Morning meditation immerses me in the goddess and her many guises – Our Lady, Avalokishteshvara, Quan Yin, Tara, Shekinah. She’s been with me since yesterday when she left me with the mantra “all will be well, and all manner of thing will be well.” Those words have been drifting through my mind-body-being.
80% chance of Snow today, at long last, here in Taos N.M. The season has been so dry, so sunny. I haven’t complained about it. I love the sun, but even I was beginning to feel parched. So before breakfast I decide to run out—twenty-minute drive there and back—to Smith’s to pick up some supplies before I hunker in with a fire in the fireplace and spend the day cooking comfort food and writing.
Smith’s has several self serve machines, which I sometimes use, when I only have a few items and don’t want to wait for a checker. Yesterday a friend said she always finds mistakes, with the checkers. So, though today I have two bags of groceries, I decide to use the self-serve to make sure there are no mistakes. (Arrogance on my behalf; what makes me think I am flawless?) There is an attendant there, for the self-serve machines, who is very attentive. He’s guiding me from a short distance even though I don’t really need his help. When the machine says I need his help, it’s a bit harder to get his attention. He finally comes to clear the bottleneck in the process saying, “she doesn’t like it when you use your own bags.” How unecological of her. But then “she”—the nice lady sounding voice in the machine, which comes with a photo of a nice lady on the screen, is actually Smith’s corporate headquarters, which probably doesn’t give a damn about ecology but only the bottom line.
So I proceed with my purchase and use my ATM to pay, and when it asks if I want cash back I think, better get some cash. Good thing to have on hand. You never know if you might have to sweeten someone to shovel your porch, or pull you out of a snowdrift. So I punch $40 cash back—the amount I pay for the purchase.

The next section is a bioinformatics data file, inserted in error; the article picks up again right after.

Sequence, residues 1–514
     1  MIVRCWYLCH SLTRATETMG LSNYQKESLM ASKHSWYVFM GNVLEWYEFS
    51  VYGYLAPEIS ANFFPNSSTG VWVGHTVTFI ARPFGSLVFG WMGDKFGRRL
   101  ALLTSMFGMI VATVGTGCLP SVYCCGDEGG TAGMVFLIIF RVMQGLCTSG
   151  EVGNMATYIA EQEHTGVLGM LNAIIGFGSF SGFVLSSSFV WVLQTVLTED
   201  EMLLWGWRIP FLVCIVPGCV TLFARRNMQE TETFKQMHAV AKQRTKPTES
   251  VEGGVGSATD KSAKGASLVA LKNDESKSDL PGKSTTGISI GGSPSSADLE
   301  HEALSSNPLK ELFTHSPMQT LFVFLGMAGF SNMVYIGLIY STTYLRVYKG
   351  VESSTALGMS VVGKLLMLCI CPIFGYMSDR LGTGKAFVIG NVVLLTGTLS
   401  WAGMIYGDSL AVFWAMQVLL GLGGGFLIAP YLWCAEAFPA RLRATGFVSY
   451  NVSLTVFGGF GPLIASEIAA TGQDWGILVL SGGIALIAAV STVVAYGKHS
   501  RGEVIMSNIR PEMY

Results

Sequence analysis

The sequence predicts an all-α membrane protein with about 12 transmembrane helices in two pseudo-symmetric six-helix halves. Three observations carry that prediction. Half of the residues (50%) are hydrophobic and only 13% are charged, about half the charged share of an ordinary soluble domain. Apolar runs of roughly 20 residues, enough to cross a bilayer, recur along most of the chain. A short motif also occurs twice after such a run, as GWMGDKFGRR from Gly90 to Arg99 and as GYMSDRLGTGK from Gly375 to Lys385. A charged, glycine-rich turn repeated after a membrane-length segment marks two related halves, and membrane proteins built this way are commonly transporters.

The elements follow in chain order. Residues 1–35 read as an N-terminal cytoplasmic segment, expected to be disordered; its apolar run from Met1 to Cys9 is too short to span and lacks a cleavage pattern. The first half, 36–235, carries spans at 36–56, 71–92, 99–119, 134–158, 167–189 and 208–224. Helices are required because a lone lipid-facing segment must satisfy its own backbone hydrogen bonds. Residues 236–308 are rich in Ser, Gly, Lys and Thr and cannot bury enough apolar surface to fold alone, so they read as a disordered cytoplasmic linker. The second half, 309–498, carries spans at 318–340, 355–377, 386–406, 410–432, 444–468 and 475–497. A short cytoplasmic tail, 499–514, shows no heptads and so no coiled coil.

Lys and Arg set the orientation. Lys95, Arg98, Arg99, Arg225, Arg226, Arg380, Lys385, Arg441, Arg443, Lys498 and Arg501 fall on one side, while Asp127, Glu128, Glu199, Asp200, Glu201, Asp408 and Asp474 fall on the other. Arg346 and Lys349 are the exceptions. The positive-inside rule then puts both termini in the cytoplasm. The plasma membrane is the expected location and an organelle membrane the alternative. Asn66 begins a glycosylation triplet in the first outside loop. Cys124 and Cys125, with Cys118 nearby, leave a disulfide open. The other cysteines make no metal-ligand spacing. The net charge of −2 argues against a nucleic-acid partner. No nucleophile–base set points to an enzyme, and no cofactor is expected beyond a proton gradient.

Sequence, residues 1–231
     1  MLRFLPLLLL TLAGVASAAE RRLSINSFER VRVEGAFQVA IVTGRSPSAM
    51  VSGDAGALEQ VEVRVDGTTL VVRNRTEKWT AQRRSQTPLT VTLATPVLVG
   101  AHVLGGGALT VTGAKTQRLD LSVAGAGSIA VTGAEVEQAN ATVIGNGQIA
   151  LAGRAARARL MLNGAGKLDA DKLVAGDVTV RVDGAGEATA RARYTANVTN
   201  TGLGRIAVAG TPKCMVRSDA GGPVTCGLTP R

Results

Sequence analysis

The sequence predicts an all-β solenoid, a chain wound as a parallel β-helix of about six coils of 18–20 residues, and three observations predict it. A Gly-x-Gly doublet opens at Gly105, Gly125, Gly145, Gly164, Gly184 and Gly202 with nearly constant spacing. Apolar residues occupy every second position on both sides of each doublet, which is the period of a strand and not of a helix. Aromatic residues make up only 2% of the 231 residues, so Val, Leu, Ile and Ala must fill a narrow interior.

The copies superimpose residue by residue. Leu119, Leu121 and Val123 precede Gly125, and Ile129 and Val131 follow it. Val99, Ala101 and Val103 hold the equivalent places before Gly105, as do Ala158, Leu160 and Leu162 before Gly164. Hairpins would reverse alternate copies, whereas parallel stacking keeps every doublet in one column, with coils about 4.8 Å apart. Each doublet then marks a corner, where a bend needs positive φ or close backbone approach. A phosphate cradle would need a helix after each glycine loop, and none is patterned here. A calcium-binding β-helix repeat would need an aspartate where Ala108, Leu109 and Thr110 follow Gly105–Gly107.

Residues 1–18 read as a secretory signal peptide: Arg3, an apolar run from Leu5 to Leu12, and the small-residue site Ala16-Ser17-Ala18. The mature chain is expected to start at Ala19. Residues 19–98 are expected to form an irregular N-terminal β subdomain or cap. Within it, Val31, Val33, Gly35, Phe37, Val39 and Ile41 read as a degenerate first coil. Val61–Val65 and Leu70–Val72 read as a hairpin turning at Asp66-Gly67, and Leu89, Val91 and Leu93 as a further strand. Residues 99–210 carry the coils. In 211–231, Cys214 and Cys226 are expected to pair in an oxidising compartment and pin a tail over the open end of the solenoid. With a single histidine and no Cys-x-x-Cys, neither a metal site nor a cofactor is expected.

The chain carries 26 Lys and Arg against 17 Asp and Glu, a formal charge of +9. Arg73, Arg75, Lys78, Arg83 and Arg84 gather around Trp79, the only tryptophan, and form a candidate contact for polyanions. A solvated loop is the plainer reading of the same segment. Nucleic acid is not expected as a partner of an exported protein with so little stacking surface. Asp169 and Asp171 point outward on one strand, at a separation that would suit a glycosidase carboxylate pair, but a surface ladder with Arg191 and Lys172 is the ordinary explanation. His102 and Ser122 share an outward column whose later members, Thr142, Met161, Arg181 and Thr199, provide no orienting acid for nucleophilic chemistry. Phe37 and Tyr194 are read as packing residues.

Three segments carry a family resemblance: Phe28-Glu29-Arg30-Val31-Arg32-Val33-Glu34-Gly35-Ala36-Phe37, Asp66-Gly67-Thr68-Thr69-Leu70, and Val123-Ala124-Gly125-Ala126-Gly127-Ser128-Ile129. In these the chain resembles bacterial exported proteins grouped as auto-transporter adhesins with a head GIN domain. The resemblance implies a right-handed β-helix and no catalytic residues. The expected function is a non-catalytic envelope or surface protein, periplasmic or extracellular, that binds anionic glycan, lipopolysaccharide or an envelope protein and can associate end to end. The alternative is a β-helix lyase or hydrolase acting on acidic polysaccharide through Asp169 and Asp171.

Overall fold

The thing about these machines is no matter how many times I’ve used them— sometimes without a hitch, sometimes with problems I think I’ve learned how to avoid next time—they always kind of unsettle me, uncenter me. I always feel a little flustered around them, not in my quiet mind that responds with equanimity and clarity.
My receipt comes along with the previous receipt and rather than dig for my glasses, I toss them both in my bag intending to sort them out when I get home. If the machine says, “don’t forget to take your cash” I don’t hear it. The place to pick that up is kind of tucked under where the receipt comes out and I walk away without my money.
When I get home and sort out the two receipts I realize my error and immediately call the local number to try to rectify it. The customer service guy says, “Oh, I don’t know what you can do about that. I guess you have to speak with the manager.” I decide to drive back to speak with a manager. Surely she will be able to remedy my forgetfulness. By now it is snowing and my plan to get all my supplies and not have to drive in the weather is dashed.